God’s Word always brings results; it doesn’t return to Him without effect rather it accomplishes His intended purpose, though it may not be within our time frames. His promises will come to pass though He will not override the human will, He waits for us to respond. Am I co-operating so the outcome achieves His desire and not mine? (Gen 18:19; Prov 1:24; Isa 38:7, 46:10, 55:10,11, 65:1-3; Mt 23:37).
Christ suffered for our sins ‘to bring us to God’ (1 Pet 3:18). Paul wrote, “If you believe in your heart that God raised Him from the dead you will be saved” (Rom 10:9). By His death and resurrection we can receive His new life with our future secured in heaven (Jn 10:28,29; Rom 5:16, 6:4; 1 Cor 15:21). We can only thank Him for the extraordinary outcome of His sacrifice and live a life dedicated to Him (Lk 15:7; Gal 1:4, 2:20; Tit 2:14).
The Bible is adamant: we are saved by grace through faith in Christ, it is not the result of our efforts, for even our righteousness is only filthy rags (Isa 64:6; Eph 2:8,9).
Results are seldom instantaneous. They require patience, persistence and faith. When people come to salvation often it is the result of various different people sowing, yet all have been instrumental for the outcome (Jn 4:37,38; 1 Cor 3:6-9). God would say to us, in faith and obedience sow His Word into the lives of others, pray and leave the end results in His hands.
Results are determined by prior choices, encapsulated in the saying “People reap what they sow” so don’t give up sowing good seed (Ezra 9:13; Gal 6:7-10). The choice is to sow to the self-nature and reap a harvest of regret or sow into God’s Kingdom and be eternally rewarded. The result of Adam and Eve’s sin was condemnation for all people, while the one act of righteousness of Jesus dying for us brings justification and eternal life to all who accept Him (Rom 5:18, 6:22).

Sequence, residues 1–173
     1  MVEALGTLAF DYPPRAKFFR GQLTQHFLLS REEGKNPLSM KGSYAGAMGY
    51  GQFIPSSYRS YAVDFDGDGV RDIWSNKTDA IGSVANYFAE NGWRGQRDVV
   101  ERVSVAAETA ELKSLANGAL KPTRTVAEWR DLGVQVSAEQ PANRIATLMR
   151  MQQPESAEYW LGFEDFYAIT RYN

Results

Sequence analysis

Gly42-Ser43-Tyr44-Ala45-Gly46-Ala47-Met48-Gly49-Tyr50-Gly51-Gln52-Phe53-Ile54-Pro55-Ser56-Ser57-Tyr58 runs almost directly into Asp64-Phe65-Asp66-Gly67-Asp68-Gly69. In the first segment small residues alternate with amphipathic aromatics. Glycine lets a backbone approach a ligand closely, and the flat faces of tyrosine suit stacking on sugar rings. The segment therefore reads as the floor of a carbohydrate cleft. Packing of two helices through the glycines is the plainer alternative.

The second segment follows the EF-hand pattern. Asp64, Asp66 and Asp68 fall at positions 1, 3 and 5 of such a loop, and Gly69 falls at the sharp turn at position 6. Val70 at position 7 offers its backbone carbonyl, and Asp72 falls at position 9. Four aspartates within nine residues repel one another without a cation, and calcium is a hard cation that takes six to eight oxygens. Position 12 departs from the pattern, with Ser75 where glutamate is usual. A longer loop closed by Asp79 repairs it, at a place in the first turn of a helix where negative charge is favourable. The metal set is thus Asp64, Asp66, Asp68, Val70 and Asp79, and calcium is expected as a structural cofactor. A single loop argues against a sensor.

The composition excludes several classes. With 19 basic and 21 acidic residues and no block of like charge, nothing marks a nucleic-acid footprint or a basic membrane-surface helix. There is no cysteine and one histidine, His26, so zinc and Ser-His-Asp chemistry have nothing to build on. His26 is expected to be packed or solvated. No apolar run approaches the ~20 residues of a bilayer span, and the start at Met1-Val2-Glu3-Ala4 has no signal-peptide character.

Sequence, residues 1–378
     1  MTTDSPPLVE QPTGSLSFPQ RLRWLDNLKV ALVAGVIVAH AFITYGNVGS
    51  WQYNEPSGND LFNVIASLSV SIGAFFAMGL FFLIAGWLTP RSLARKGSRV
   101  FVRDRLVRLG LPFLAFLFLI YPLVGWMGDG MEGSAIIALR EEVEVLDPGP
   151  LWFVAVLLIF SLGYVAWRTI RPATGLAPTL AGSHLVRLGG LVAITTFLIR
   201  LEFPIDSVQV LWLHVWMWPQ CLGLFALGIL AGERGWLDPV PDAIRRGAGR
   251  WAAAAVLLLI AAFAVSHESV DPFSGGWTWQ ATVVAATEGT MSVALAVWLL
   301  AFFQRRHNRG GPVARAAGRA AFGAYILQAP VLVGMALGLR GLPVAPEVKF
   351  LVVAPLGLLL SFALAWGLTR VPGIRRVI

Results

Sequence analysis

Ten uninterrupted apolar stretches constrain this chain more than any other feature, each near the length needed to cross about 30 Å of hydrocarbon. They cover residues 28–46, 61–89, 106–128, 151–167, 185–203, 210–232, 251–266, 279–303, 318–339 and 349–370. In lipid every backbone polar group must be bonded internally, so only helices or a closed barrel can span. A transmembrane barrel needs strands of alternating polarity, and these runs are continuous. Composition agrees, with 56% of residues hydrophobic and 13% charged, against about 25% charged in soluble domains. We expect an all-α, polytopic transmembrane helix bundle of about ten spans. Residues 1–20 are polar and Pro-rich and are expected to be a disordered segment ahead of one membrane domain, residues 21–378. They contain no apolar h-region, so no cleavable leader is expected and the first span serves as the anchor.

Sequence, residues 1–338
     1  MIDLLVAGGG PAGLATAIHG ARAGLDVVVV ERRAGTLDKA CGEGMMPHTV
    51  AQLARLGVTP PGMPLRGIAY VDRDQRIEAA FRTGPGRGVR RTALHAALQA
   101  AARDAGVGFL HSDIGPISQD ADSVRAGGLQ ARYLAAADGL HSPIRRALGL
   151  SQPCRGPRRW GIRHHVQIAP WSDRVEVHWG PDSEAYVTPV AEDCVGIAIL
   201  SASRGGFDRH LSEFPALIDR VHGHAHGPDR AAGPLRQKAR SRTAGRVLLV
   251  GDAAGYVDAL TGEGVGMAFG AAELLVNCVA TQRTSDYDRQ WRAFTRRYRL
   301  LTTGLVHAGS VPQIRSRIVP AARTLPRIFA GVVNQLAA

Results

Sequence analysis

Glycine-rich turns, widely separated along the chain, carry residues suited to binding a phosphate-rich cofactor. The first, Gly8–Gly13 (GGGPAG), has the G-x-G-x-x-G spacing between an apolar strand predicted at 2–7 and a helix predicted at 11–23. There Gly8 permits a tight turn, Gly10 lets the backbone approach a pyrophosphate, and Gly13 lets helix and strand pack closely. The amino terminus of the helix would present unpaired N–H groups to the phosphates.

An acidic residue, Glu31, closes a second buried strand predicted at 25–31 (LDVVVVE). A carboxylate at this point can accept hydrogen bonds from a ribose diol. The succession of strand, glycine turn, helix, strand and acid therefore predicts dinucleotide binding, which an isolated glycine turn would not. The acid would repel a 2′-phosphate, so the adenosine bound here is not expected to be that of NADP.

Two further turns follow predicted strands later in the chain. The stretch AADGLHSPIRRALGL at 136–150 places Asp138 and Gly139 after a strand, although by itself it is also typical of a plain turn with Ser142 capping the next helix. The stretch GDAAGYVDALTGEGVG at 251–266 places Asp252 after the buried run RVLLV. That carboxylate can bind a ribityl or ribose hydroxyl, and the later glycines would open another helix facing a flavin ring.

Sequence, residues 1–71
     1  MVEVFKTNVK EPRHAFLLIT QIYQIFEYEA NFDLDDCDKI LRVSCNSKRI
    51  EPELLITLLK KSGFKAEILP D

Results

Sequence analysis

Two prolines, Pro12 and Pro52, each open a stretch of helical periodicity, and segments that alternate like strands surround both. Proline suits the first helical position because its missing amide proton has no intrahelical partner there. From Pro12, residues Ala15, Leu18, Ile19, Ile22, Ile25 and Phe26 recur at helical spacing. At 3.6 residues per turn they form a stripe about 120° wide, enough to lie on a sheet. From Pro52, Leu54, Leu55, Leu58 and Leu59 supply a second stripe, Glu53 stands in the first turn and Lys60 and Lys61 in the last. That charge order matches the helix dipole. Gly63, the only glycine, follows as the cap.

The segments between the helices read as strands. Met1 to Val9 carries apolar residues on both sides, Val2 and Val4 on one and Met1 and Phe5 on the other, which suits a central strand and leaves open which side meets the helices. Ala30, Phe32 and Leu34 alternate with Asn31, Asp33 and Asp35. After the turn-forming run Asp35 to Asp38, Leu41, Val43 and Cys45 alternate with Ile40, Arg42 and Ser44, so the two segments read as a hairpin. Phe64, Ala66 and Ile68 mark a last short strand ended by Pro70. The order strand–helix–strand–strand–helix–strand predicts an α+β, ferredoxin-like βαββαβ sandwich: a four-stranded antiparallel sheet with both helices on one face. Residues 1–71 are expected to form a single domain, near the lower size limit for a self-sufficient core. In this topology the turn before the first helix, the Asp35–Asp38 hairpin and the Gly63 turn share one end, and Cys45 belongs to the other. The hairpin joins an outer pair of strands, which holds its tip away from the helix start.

Results can also be seen as consequences. We are under sin’s penalty by default, however we must choose Christ to be released of its eternal consequence. Jesus expects and anticipates the fruit of righteousness from our lives, while in contrast an ungodly person will produce undesirable fruit (Mt 12:35; Lk 6:45; Jn 15:5,16, 17:20; Gal 5:19-23; 2 Pet 1:5-8).
In response to our actions, a result is guaranteed; so do your best, and leave the outcome in God’s hands for “Will not the judge of the whole world do right?” (Gen 18:25). He is a God of justice and mercy. Some things will only make sense when viewed from eternity, and not from our limited human perspective of the present. Pray as if it all depends on God while working as if it all depends on you. The trials we pass through are refining our faith so it may be proved genuine and result in God being praised (1 Pet 1:7). Thank Him for the good that will come, “For all things work together for good to them that love Him” (Rom 8:28).
Does my everyday life bring praise and pleasure to God?
guidebook for Christians, will help you fulfil your calling for “The entrance of your Word gives light” (Ps 119:130).